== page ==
• Footnote 74 mentions a report which found 25% of firms introduced new legal products after becoming licensed ABS's and that the innovations were designed to "extend service range, improve quality, and attract new clients."  

Did Something Go Wrong with ABS's?

LegalGazette UK reports bad news about several of the ABS's.  The last line made me laugh out loud.  

Three questions: 

1) Is there an actual problem with the ABS concept itself, or are investor expectations the culprit?  Taking an analogy from the USA tech sector - in 2000 the tech bubble popped, but 2008-2016 were productive years because infrastructure matured, internet penetration rose, and the industry began addressing more substantial problems/markets.  

2) Was true innovation happening?  Slater and Gordon of Australia, which became the first publicly traded law firm, used ABS rules to make acquisitions in the UK, including an ill-advised purchase of Quindell (now renamed), which was described as "a provider of sector leading expertise in Software, Consulting and Technology Enabled Outsourcing in its key markets being Insurance, Telecommunications and their Related Sectorsin CrunchbaseA Sydney Morning Herald article which describes the S+G lifecycle is worth a read.  Looks like a charismatic founder worked his (unsustainable) magic with a public company in years 2007-2015--a helpful reminder that innovations often drive with a merger, but the opposite isn't necessarily true.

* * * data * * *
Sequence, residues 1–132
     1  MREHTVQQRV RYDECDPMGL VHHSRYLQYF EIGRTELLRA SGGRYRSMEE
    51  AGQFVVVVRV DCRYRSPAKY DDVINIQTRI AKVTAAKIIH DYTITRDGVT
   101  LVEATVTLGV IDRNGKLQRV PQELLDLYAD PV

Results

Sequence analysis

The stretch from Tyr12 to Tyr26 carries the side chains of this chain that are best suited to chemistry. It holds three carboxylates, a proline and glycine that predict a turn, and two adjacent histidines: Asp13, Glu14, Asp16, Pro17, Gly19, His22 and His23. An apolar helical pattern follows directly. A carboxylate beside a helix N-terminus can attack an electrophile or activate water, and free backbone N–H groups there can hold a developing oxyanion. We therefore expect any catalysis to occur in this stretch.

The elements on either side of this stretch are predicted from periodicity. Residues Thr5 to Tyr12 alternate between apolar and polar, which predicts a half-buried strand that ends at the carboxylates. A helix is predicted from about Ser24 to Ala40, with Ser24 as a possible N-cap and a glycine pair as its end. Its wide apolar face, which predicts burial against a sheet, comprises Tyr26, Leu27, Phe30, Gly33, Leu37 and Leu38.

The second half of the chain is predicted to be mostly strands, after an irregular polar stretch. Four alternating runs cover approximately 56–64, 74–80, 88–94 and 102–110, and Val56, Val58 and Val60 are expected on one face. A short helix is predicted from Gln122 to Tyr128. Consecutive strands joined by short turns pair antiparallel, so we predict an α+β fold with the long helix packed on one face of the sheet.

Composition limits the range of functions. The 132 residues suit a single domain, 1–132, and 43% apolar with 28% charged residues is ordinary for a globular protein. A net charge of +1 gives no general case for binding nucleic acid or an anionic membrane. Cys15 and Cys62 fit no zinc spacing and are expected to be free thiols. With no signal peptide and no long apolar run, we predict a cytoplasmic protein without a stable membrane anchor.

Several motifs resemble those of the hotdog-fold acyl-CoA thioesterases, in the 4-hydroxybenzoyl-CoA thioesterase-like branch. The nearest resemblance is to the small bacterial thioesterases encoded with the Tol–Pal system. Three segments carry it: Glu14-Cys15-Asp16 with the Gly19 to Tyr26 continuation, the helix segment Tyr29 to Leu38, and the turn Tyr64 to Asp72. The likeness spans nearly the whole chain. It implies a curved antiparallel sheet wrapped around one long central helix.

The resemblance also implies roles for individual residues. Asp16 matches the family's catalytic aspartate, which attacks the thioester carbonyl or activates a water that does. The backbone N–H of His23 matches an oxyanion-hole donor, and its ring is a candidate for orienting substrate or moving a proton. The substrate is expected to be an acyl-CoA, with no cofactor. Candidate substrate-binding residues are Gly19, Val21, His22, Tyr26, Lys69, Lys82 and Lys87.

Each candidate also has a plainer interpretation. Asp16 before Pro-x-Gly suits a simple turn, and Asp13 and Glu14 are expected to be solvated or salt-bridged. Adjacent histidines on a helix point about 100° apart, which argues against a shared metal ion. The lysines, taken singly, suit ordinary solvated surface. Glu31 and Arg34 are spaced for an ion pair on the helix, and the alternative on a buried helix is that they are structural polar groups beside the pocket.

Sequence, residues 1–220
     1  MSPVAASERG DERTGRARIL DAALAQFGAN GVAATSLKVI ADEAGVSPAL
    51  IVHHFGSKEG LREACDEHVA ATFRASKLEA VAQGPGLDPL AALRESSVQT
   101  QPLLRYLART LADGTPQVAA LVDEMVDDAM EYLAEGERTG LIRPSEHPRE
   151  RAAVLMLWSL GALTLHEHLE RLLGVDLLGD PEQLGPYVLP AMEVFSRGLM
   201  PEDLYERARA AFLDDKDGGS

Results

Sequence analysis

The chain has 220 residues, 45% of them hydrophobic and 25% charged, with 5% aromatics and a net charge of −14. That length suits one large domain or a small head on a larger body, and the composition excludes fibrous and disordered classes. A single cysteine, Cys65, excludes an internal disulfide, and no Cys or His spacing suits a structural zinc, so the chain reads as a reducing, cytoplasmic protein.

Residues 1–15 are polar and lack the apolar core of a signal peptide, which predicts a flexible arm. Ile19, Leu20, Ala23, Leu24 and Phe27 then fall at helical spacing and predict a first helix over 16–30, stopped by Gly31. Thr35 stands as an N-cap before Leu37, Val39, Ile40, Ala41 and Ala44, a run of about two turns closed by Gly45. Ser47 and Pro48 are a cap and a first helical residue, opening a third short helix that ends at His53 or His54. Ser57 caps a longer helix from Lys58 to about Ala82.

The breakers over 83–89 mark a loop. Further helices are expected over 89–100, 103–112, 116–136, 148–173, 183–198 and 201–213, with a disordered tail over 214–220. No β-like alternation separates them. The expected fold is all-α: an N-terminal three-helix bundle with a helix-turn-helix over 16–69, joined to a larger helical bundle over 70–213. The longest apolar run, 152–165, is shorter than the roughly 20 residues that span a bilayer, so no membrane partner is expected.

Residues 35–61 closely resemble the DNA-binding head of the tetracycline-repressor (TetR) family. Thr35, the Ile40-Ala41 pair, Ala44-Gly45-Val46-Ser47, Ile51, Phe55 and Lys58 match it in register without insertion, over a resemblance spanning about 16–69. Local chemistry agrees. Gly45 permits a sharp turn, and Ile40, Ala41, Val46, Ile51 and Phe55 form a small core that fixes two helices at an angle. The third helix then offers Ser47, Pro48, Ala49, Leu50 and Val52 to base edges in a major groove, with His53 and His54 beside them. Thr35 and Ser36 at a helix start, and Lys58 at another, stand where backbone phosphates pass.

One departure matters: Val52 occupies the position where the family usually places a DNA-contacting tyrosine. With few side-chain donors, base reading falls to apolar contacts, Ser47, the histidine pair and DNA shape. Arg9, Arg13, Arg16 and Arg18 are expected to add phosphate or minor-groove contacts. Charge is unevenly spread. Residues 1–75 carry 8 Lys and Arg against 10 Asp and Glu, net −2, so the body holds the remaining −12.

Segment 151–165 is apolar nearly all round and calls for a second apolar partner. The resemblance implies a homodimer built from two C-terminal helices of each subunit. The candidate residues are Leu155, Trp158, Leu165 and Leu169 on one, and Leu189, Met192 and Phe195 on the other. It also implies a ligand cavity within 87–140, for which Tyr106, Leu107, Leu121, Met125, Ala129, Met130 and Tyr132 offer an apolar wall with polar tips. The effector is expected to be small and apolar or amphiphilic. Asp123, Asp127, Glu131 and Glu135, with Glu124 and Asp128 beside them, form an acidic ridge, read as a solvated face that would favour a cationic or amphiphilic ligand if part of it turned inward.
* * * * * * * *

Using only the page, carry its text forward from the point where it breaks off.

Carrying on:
3) How many of the ABS's made pioneering mistakes that the settlers can clean up later?  

Specific Firms mentioned in Stephen and/or Hadfield:

I would like to speak with these firms and discover whether they're interested in a student extern who legal writing and research skills and experience in innovation, internet entrepreneurship, and marketing. 


PS:  Here's the link to Pepperdine London

EDITED:  Upon reflection, retitled the post.  "Different regulation" is better because it's important for the legal profession to be regulated, the relevant concern is in what way.